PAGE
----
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Under the Breed Code of Conduct breeders are asked to test puppies for Livershunt BEFORE they go to their new home.
A liver shunt is actually a natural development while a puppy is growing inside the mother's uterus. During gestation, puppies' livers are not functional. The mother's liver carries the detoxification burden for her body and her litter while in utero.
Toward the end of gestation and even up to 10 days old, the liver shunt is supposed to close, ensuring the puppy's liver is functional at birth. If the shunt doesn't seal itself off, the puppy is left with an open shunt that can be located inside (intra hepatic) or outside (extra- hepatic) the liver - the result of this is that toxins are cycled back through the blood stream instead of being cleansed through the liver.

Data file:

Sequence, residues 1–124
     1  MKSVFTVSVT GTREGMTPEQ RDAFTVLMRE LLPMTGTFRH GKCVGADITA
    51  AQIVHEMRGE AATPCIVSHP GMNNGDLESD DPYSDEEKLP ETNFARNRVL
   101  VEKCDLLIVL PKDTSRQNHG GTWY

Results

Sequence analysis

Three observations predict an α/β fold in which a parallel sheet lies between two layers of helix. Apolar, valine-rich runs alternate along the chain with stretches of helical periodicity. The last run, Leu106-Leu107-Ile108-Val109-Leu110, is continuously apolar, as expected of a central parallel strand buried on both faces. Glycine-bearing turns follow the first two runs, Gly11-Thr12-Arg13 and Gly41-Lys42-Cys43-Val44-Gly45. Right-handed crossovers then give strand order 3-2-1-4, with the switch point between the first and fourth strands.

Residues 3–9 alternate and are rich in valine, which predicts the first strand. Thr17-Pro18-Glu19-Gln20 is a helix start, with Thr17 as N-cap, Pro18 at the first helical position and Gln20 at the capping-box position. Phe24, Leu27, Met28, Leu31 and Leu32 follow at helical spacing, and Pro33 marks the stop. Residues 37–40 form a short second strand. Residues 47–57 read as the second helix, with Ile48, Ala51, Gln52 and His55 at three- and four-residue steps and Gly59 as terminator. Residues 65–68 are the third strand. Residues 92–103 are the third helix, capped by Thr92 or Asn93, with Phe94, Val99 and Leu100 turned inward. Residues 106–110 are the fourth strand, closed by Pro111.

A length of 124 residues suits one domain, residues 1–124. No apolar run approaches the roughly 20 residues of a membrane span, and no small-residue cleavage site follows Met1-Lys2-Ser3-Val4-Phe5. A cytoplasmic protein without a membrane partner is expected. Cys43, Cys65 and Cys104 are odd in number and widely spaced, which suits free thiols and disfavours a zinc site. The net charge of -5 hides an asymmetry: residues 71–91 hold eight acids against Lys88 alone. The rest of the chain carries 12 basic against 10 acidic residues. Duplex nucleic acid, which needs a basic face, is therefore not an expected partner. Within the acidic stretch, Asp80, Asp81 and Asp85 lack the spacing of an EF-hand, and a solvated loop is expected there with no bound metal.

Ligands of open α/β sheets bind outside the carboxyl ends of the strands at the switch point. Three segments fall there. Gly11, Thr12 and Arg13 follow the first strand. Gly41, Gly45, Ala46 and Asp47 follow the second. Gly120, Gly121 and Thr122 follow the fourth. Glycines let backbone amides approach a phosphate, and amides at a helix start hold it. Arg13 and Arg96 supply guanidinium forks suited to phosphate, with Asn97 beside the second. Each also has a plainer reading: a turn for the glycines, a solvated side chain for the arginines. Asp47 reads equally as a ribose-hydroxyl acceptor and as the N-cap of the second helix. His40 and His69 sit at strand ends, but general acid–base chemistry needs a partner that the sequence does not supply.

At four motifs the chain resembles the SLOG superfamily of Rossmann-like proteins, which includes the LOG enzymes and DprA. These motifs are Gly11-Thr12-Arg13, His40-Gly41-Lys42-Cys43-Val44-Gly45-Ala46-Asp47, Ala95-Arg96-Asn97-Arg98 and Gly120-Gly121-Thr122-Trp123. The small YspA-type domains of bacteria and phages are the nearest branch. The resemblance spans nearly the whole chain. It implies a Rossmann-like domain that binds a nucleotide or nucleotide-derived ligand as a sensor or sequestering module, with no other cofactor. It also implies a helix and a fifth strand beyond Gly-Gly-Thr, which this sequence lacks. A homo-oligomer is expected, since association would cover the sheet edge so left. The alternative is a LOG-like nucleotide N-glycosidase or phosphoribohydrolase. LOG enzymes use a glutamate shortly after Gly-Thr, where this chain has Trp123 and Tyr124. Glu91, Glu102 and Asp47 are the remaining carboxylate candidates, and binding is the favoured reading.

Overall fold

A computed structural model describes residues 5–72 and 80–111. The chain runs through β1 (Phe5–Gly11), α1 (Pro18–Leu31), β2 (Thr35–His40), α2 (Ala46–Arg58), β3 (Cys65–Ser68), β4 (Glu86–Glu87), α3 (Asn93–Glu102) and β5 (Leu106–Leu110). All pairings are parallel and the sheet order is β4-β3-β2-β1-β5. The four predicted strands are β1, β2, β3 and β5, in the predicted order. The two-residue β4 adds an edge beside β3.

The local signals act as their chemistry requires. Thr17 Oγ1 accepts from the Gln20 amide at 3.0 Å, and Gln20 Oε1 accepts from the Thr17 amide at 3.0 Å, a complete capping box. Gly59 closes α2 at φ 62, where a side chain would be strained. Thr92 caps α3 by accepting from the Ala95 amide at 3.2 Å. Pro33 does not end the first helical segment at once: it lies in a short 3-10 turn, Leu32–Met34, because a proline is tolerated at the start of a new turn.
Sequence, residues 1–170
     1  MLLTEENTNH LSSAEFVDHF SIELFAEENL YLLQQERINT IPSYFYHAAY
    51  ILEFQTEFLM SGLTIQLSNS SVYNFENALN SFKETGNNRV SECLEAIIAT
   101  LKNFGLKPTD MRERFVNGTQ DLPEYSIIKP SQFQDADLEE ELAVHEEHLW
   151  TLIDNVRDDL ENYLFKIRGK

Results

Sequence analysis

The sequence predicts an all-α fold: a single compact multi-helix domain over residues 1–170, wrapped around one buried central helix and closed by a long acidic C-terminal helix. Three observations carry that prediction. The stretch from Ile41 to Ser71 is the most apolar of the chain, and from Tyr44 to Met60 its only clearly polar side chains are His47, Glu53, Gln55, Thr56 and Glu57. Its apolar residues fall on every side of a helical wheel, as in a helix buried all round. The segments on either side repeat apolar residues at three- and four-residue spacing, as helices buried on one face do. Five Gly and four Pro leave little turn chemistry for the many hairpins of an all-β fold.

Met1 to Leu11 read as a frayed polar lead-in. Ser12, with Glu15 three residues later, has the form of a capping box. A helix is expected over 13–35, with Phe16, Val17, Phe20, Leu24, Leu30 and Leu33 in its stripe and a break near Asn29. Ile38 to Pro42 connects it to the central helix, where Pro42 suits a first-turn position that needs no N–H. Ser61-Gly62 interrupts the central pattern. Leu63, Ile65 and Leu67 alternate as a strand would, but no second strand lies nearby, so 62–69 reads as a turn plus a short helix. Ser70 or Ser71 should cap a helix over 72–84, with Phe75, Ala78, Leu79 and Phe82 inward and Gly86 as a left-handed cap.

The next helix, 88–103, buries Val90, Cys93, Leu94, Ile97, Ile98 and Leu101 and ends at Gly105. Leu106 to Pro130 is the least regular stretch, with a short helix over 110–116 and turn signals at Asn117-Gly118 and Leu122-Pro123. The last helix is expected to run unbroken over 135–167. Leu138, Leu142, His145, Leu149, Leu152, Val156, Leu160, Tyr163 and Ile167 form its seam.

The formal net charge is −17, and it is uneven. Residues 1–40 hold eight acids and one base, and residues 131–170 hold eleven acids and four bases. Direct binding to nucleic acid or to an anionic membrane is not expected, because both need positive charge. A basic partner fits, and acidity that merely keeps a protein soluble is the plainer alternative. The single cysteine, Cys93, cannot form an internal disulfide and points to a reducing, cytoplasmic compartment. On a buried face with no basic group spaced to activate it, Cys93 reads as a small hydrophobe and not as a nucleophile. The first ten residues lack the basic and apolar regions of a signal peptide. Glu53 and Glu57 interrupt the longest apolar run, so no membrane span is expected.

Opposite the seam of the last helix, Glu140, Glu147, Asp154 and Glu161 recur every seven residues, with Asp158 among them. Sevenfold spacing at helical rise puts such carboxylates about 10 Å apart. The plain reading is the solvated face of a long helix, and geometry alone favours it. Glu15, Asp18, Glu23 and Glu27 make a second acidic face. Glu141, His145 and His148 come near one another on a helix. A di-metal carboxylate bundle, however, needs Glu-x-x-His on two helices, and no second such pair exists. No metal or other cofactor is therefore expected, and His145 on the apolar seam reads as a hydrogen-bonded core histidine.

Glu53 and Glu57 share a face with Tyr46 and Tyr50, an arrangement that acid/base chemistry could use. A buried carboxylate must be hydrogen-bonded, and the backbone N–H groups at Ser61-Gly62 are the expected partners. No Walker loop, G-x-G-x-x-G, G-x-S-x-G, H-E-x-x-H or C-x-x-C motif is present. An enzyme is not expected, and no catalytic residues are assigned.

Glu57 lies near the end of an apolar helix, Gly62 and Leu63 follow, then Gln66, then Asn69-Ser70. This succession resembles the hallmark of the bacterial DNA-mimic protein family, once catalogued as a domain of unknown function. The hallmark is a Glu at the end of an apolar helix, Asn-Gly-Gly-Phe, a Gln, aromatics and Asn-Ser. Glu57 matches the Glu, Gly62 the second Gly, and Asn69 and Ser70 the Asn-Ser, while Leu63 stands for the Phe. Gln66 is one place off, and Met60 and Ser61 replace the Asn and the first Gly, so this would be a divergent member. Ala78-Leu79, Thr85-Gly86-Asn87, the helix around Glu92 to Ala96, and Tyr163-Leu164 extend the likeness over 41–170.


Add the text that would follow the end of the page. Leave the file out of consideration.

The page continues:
Livershunt can be a life threatening condition for a puppy and there are different types of shunt, but usually it requires surgical intervention to correct the problem. In most cases surgery is successful and the puppy will grow on and have a normal lifespan. This type of surgery is expensive but if the puppy is insured this may cover the costs of treatment. Dietary Management is also important in an affected puppy and veterinary surgeons are able to offer special diets for puppies awaiting surgery or whose condition is being managed in this way.
In order that puppies are not passed on with this condition breeders are advised to test puppies before homing them on. As puppies to not necessarily show symptoms of being affected with Livershunt prior to 12 weeks, it is necessary to submit blood samples for Bile Acid Testing to identify whether a puppy is affected or not.
Please do not be embarrassed to ask a breeder for sight of the form from the Lab that undertook the blood tests which will indicate that the puppies were clear of the condition.
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